Dan McGaw:

Yeah. So there was promo codes that were added to the flyers that were going out and stuff like that, but they weren’t unique individual promo code, just because at that point, you’re dealing with too many promo codes.

Keith Perhac:

Mailings, yeah.

Dan McGaw:

They’ll start… Users don’t even use it. So you want to use it to be able to hit a vanity URL, go directly back to the website and then be identified. That vanity URL had a UTM. So when we hit the website, we knew they came from direct mail, but we didn’t exactly care that they were from this exact thing. What would happened is that whenever you… This was going to businesses, and you can do the same thing with users is whenever we were sending to a business, it was based upon a DUNS and Bradstreet number. Everybody has a DUNS number, every business out there at least. That DUNS number of course was also where we got that business’s address. So we were able to send that mail to them. There was a DUNS number.

Dan McGaw:

There was a company name to it. If that company came back to the site, what we’re able to do is of course track that person as they came into the system. We then tried to map back to that DUNS number of course later. So that way, we could then track from the mail house, okay, this DUNS number has received six pieces of mail over these dates. That information would be sent into the CDP. That CDP would send it into our warehouse, would also send it in tools like Amplitude. We were then able to then take all that data, match it into Salesforce, Marketo and all those things, still be able to keep it all relational. So if that opportunity eventually closed and the check was sent, we would get another API call, send that into the system. And then we would have all of that tracking data, not to mention also their ad spend, Facebook, all that stuff. Once your user gets-

Keith Perhac:

Because you can track in the website then.

Dan McGaw:

… to the website, there’s a user ID now at that point. That user ID gets associated. The website was still a touch point no matter what, so that made it a lot easier. But there were still major complexities, because we had to pull the ad spend data out of AdWords, Bing and all that stuff. So we used Funnel.io. Funnel helped us pull that data down, put it into a warehouse, and we can now run our own numbers on top of that.

Dan McGaw:

It was able to be done. So [inaudible 00:36:30] it took six months and probably two months of just… Two and a half months of strict planning. That was one of the companies that paid me to do an attribution study. We looked at all of the vendors to figure out who should they choose. We came back to them and we said, “You should choose C3, because they have professional services. Or you should build it yourself because you’re crazy.” And then they said, “We’ll pay you. We’re crazy. Let’s build it ourselves.” And then we did. Their data lord was awesome to work with. So that’s-

Keith Perhac:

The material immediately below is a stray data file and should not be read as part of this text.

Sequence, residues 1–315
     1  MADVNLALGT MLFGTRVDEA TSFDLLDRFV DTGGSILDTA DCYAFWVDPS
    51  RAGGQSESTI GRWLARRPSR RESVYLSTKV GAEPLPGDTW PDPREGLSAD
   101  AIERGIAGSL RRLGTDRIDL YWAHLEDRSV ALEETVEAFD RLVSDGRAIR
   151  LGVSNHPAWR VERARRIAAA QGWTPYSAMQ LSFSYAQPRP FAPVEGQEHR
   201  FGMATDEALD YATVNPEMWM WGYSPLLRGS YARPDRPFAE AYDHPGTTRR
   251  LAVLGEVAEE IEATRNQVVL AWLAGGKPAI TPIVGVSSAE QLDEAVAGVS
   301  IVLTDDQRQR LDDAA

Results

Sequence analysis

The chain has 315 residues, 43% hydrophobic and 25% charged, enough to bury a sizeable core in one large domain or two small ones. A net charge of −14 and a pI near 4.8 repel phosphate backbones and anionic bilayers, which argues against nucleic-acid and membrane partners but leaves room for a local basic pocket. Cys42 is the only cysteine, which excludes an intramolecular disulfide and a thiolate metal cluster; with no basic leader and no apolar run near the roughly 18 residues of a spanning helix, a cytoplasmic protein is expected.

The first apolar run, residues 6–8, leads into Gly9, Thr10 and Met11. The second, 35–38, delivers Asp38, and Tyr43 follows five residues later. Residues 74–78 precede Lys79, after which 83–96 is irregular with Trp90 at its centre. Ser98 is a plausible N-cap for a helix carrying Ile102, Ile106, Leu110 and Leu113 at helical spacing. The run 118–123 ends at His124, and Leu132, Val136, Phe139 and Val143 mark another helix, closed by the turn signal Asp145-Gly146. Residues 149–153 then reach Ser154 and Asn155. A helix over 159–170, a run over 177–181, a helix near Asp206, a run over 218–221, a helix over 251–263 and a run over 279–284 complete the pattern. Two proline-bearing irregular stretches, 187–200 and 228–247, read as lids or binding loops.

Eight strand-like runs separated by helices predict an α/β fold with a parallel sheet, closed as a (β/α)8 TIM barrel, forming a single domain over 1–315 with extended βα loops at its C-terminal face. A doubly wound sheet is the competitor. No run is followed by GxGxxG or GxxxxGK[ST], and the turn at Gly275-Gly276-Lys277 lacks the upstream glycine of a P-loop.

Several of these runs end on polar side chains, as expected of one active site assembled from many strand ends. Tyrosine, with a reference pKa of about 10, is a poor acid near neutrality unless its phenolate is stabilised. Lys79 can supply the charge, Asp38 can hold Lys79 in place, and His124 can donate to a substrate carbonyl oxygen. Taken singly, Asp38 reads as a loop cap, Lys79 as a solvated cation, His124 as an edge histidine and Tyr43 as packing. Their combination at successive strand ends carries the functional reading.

That’s amazing.

Dan McGaw:

… where the term data lord came from, was she was so much fun.

Keith Perhac:

That’s awesome, that’s awesome. Changing track a little bit, I want to talk a little bit about your book. So you had [inaudible 00:37:15] a second ago, you mentioned… How recent is this? This is within the last couple months or?

Dan McGaw:

It’s been a year, so my book’s been out for a year.

Keith Perhac:

Wow, it’s been a year already.

Dan McGaw:

Yeah. So the book came out. So we put it out right at the end of 2019. So we just did a reprint of it with some small changes to it. But yeah, it was a ton of fun to write. It’s got beautiful colored pictures in it. So we made it specifically for the CEO and CMO in mind. So a practitioner marketer could read it and really be able to pick up the tools of the trade. But a senior level executive also isn’t going to be having to raise 600 pages of fluff to get there. I don’t know if you know this, but most C-suite and VPs, they like color books. They like coloring books as well. They don’t like to read long novels a lot of times as we’ve come to find out

Keith Perhac:

Interesting. It’s been one of the challenges with me and business books is that you get to that, usually about a third, maybe a half way through it, and then you notice that it starts repeating itself and repeating itself and repeating itself. Actually, I talked to an author friend of mine and they said, “Oh yeah, what happens is you have enough content for 60, 70 pages. And the publisher was like, no, no, it has to be at least 160 to publish. So now you got to retread everything you’ve said over and over and over again.” I always just found that such a waste. I would much rather read a 60 or 100 page book that’s just right in there, right exactly the information I need to know and get value out of it. I don’t consider myself a C level. But as far as what I’m doing, it’s similar. I’m running a business. I want to get the information and get out. I want to start implementing.

Dan McGaw:

No, I totally agree. I think one of my favorite books out there is a book called Thinking, Fast and Slow, a great book. But I listen to audible books a lot and I run a lot and listen to my books. So I run for about an hour a day, five days a week, so I get a pretty good amount of listening time in. The book is 17 hours long. But by the time you get to the 10th hour, you’re like, I feel like I’ve heard this over and over and over again. It’s an amazing book, so I’m happy I finished it. But there’s definitely some books that, and also Principles by Ray Dalio. It’s like, you could have done this in half the space. But hey, that’s them. I tried to make my book even shorter. My next book which I start writing in the next couple of months here is going to probably be double the size, just because we’re going to go a step deeper to try to make sure the companies understand some of the practices of Google Tag Manager a little bit more.